Please: No Trade War on Information
The opinions expressed in this post — as always — are my own.
Earlier this year, I had the opportunity to attend the International Association of Privacy Professionals Global Privacy Summit in Washington, DC. I was there touting self-regulation in the digital advertising field.
Booth after booth and many panels, however, were talking about something else: the European Union’s forthcoming General Data Protection Regulation (GDPR) and its cousin, ePrivacy Regulation — and how American and global businesses may deal with both. GDPR takes enforcement effect on May 25, 2018.
While all the promulgations for GDPR are yet to be revealed, the potential impact is that the EU will place a lockbox on personal information of European citizens (both consumers and business individuals), even those data elements that are as benign and beneficial as advertising and marketing related information. Only affirmative consent from the consumer will make such data available for constructive outcomes as marketing analysis and tailored advertising. Whether or not a company is based in Europe, United States or elsewhere — if it touches EU citizen data, it must conform to the regulation — or face fines as much as 4 percent of global turnover — or €20 Million, whichever is greater. IAB Europe has posted a helpful primer.
Will the first cases under this regulation be brought against Europe-based companies? We shall see.
Many Americans fear something else. It will be used to go after American-based companies — particularly global innovators in data and information that use consumer data for productive use, with great success. Data-driven marketing economies offer superb dividends: consumers get more relevant content, greater choices and greater diversity of content — as well as entrepreneurial businesses that seek to innovate even further. The decision this past week under EU competition law regarding Google only advances the case of perceived anti-American bias in EU “digital” law enforcement. (Without arguing merits or criticisms of the decision — last I heard, no one in Europe is forced to use Google for his or her online searches or shopping.)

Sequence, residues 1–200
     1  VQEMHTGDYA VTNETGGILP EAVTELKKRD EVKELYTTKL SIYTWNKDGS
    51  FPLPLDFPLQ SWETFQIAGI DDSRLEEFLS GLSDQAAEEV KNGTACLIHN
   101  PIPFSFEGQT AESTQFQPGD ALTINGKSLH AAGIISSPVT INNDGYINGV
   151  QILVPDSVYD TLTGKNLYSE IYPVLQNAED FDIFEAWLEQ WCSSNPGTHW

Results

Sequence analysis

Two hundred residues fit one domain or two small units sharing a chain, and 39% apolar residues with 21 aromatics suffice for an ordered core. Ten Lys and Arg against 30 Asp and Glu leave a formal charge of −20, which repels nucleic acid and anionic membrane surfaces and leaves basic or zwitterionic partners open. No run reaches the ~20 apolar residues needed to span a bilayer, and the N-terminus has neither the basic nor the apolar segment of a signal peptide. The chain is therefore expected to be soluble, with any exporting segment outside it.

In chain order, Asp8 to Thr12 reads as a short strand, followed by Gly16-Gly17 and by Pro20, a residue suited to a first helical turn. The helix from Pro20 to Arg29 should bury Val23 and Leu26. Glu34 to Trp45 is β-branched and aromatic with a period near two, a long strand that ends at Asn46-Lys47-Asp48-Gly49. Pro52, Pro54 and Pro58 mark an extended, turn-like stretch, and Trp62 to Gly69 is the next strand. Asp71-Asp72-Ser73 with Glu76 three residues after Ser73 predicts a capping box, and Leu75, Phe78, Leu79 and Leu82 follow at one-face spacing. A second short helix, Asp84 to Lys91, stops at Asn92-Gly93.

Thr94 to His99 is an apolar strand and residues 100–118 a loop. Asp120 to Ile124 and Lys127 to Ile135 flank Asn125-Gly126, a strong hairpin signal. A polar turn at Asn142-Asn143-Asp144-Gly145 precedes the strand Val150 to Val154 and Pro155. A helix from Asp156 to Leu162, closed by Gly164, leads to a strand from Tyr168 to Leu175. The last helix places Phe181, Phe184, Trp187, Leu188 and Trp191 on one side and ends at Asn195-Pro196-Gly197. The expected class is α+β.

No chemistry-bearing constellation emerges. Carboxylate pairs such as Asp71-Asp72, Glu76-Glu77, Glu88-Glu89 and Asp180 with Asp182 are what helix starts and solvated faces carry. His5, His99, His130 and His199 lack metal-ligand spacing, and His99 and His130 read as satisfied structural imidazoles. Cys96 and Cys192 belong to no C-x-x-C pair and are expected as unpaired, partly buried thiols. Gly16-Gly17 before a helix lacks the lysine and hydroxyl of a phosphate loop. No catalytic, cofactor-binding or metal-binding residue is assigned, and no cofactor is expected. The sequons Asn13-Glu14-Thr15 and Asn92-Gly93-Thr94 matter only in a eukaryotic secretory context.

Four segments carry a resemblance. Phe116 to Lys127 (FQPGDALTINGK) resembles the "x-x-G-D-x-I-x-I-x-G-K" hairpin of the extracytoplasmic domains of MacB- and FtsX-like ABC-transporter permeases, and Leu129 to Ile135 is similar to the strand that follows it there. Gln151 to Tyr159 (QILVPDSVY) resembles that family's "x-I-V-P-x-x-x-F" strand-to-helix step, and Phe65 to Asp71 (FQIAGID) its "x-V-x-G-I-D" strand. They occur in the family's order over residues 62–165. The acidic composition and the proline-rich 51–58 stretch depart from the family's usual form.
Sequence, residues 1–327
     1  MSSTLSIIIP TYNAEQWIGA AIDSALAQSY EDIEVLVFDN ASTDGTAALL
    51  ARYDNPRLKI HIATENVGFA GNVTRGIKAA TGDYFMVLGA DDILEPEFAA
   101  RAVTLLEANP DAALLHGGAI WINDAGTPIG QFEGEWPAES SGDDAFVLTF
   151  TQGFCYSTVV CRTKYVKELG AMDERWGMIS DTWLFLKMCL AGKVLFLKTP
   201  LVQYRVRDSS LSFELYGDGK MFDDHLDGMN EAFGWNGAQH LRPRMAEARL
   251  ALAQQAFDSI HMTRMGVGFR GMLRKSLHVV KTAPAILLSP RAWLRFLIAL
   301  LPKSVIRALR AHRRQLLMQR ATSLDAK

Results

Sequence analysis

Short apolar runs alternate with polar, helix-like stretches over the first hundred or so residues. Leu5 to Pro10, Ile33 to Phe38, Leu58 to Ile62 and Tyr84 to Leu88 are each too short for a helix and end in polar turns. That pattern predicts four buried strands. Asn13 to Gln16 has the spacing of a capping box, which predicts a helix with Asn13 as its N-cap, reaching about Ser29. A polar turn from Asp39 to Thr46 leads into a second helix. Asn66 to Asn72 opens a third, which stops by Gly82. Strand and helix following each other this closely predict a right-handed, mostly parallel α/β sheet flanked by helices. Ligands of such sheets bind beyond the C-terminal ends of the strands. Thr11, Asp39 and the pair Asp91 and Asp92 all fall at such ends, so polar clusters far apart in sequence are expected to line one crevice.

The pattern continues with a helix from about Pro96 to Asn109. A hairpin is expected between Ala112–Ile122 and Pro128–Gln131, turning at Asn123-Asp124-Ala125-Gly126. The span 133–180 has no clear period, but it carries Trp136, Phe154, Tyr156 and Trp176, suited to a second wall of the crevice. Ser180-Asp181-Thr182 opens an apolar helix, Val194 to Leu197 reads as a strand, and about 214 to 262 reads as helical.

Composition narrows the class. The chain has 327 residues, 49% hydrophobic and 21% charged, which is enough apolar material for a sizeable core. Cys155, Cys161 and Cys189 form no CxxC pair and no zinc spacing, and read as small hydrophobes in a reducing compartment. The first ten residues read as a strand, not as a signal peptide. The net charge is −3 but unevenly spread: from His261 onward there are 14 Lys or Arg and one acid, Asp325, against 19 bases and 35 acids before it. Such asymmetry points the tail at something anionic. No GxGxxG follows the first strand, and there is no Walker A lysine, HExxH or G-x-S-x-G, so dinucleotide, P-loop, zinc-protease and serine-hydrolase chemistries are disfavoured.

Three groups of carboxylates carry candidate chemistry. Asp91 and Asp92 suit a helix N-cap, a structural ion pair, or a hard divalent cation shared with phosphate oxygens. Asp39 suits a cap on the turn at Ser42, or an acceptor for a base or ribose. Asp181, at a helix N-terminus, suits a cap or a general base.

Then there’s the debate about consent in GDPR. The tired "opt-in versus opt-out" debate has reared its ugly head, as the EU marketplace implements affirmative consent mandates. We all know opt-in requirements tend to kill consumer discovery, and hurt, particularly, small business.
Like EU’s cookie law, Europeans may well see a plethora of new sets of notices asking consumers whether or not they really want to visit a site, use an app and so on — anywhere personal data, including browsing history and app usage, is intended to be collected and used for marketing purposes. There are myriad other GDPR requirements — data protection impact assessments, data protection officer designees, the right to data access, the right to be forgotten, the right to data breach notification — which marketing organizations will need to navigate.
And what might the global effect be as nation after nation seeks to establish “reciprocity” with more stringent EU law? In the post-Snowden era (how post-Snowden are we?) there are plenty who want to turn off American data collectors, as if the U.S. private sector has anything to do with U.S. government surveillance. They are not the same thing, and should never be.
If the goal of the EU is to protect the European consumer — by striking fear in Silicon Valley and American business through fines, litigation and the like — then it may go over very well with European audiences. Kudos, point made. Then there’s our side of the ocean. Despite all the bluster of “America First,” the truth is that we’re a global economy and there’s no turning back. And, no one will win if there’s a trade war — especially one over data flows that fuel economic growth.